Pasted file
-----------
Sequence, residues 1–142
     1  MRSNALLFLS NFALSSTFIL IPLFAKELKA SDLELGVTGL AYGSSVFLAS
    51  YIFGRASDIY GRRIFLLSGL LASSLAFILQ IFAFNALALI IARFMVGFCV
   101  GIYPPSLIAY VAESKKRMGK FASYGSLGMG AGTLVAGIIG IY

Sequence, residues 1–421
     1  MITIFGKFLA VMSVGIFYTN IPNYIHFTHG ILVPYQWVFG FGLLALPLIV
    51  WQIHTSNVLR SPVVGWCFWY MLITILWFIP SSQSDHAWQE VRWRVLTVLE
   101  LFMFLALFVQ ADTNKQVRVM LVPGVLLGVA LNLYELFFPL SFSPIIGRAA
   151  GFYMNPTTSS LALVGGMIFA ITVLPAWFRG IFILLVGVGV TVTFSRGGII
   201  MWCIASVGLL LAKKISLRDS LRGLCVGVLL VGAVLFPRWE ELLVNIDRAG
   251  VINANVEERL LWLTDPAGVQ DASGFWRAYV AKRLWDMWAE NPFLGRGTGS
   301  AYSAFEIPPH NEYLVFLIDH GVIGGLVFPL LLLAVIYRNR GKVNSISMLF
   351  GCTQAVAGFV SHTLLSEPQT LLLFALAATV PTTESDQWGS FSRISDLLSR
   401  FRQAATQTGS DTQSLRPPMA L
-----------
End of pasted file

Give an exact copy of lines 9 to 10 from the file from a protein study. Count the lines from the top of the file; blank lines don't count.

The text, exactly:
   151  GFYMNPTTSS LALVGGMIFA ITVLPAWFRG IFILLVGVGV TVTFSRGGII
   201  MWCIASVGLL LAKKISLRDS LRGLCVGVLL VGAVLFPRWE ELLVNIDRAG